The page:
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AND since I’m moaning, I’ll point out that while the flavor of this preserve is very, very good, it’s looser than a typical jam.  Another failure.  I cooked and cooked and cooked, over double the time given in the recipe, but still I ended up with a very loose preserve, despite my addition of a cup of apple pectin stock.  All of the extra cooking I did after adding the fruit gave me a lower yield than the original recipe – 5 half-pints instead of 7 – and I’m still scratching my head at how the original recipe could work.

But the triumph here is that the combination of rhubarb and sour cherry is really winning, bright and tart, and lifting me above all of the little let-downs.  I particularly love that I was able to put some of my husband’s excellent homebrew to use.  The balance of sour and sweet with some slight hoppiness is exactly what I need to cope with some of these feelings of inadequacy.  Ah, emotional eating at its finest.

Hopefully I’ll have some recipes to share, and SOON.  In the meantime, I’ll be slathering this preserve with butter on top of pieces of crusty – albeit, flat – sourdough bread.

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Rhubarb + Sour Cherry Beer Preserves
Adapted from The Preservation Kitchen

Notes: I changed this up from the original in a few ways.  First, I used 2.25 pounds of fresh rhubarb and 0.75 pounds of frozen sour cherries, as my rhubarb is really green and I was afraid of ending up with a greenish-gray jam.  *shudder* I considered using strawberries, but I’m really glad I went with cherries- the tanginess of the two marry perfectly.  I also used a blonde ale that my husband homebrewed– but the called-for wheat beer is going to be a bit sweeter and less hoppy.  I added an extra 1/4 cup of sugar, left out the lemon zest, and instead added 1 cup of apple pectin stock and let the whole mess macerate with the lemon halves in an attempt to eek out some additional pectin.  Here is a link on apple pectin stock, and Liana Krissoff’s Canning for a New Generation is where I got the idea of macerating overnight with a lemon.

2-1/4 pounds diced rhubarb
3/4 pound frozen sour cherries
1-3/4 cups sugar
3 cups wheat beer
1 cup apple pectin stock (optional)
the juice of 1 lemon

In a heavy-bottomed pan, combine all ingredients and stir.  Throw the juiced lemon halves in as well, but try to pick the seeds out first.  Optional step- let macerate in the fridge for 4-6 hours.  (This will extract more of the juice and hopefully more of the pectin out of the lemon, slightly changing your cooking time.)  Bring ingredients to a low simmer, stirring frequently.  Remove from heat, cover with a lid, and place in the fridge overnight or for up to 5 days.

When ready to make the jam, remove the lemon halves. Place a small saucer in the freezer.  Use a sieve or slotted spoon to separate the juice from the fruit solids; return the juice to the heavy pan and set the fruit aside.  Bring the juice to a rapid simmer, stirring frequently, and allow to reduce by almost half.  (Virant said 12 minutes; mine took closer to 20 minutes.)  Stir in the fruit solids and return to a simmer.  Stir frequently to prevent scorching.  While your jam is cooking, prepare 5-6 half-pint jars and lids for a boiling water bath.  As the jam thickens, use a spoon to place a small amount of jam on the frozen saucer and return to the freezer for 60-90 seconds.  When the jam is gelling on the plate, it’s done.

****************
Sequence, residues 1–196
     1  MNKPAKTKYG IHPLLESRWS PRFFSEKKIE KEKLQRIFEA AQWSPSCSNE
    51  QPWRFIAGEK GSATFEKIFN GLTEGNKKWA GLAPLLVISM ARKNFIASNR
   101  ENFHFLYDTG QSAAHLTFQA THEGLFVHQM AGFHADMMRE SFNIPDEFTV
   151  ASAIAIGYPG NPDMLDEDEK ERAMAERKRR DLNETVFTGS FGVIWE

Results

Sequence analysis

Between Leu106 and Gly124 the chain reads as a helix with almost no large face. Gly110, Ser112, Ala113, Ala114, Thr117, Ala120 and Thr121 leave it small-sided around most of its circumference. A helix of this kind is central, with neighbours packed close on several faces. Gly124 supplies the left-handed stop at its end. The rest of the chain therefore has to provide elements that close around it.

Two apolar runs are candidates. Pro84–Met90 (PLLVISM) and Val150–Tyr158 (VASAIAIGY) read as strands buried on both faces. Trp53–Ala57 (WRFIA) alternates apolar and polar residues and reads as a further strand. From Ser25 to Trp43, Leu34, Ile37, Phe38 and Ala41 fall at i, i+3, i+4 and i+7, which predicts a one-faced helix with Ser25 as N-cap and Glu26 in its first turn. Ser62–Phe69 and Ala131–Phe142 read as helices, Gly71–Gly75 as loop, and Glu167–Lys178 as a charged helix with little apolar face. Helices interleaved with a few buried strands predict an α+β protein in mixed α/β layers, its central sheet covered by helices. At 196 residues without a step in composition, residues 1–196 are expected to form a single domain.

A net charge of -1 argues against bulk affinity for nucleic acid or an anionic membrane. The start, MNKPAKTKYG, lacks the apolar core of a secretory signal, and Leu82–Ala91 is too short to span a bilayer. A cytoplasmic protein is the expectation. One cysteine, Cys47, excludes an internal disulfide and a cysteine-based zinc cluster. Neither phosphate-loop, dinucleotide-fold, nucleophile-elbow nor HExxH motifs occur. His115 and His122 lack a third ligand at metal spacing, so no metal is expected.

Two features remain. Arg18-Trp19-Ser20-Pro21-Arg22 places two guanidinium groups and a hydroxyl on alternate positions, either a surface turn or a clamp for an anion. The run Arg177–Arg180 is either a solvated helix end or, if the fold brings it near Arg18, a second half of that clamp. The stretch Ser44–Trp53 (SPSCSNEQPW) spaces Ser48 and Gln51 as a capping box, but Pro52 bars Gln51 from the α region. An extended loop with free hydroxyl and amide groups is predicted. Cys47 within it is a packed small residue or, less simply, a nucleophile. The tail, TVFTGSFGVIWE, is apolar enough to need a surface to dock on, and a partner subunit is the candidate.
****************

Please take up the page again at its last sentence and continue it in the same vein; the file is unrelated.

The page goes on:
*Virant says to cook until the jam reaches 215 degrees F and lightly coats the back of the spoon, approximately 10 minutes. In my experience, the spoon-coating consistency results in more of a sauce than a jam. I cooked for over 25 minutes, stirring frequently, and I personally prefer the freezer gel test.

Once you’re satisfied with the texture of your jam, pour the jam into half-pint jars, leaving 1/2-inch head space.  Process in a water bath for 10 minutes.  Remove the jars from the water bath and place on a towel; leave for 12-24 hours without disturbing. Remove lid rings for storage.

*If you’d rather not process, you can simply store this in the fridge in clean jars.  I’m going to guess it’ll last a month or two, if not longer- but I haven’t tested it.

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Filed under Condiments, etc., Desserts, Gluten-Free, Spring

Fresh red cabbage slaw

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There are a couple of big things that have happened in the last few weeks.  The first: I think spring might actually have arrived.  Secondly: I apparently now like cilantro.

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The first one is a big deal because IT’S MAY.  The last weekend of April was gorgeous.  Mid-60s and low 70s, sunshine, green grass, even budding tulips and the tips of iris and hostas poking through the mulch.  And then, on May 2nd and 3rd (!) the Midwest got hit with a nasty system that included snow (!) and sleet (!) and freezing rain (!).  Not just a dusting, but 18 inches fell in northwest Wisconsin.  18 freaking inches of white, dream-shattering, soul-crushing snow.

But between the 60s and 70s yesterday and today, the snow has melted, the grass is re-perking, and my rhubarb has unfurled an impossible number of frilly leaves.  Spring is here to stay, I think.

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The second part- the part about me finally coming around to cilantro- is a big deal because, c’mon, it’s cilantro.  It’s fresh.  It’s green.  I can grow it.  It’s a big deal in Mexican and Indian cuisines.  And I’m pleased to say that I actually have bought and used it three whole times in the last two weeks and it’s been awesome.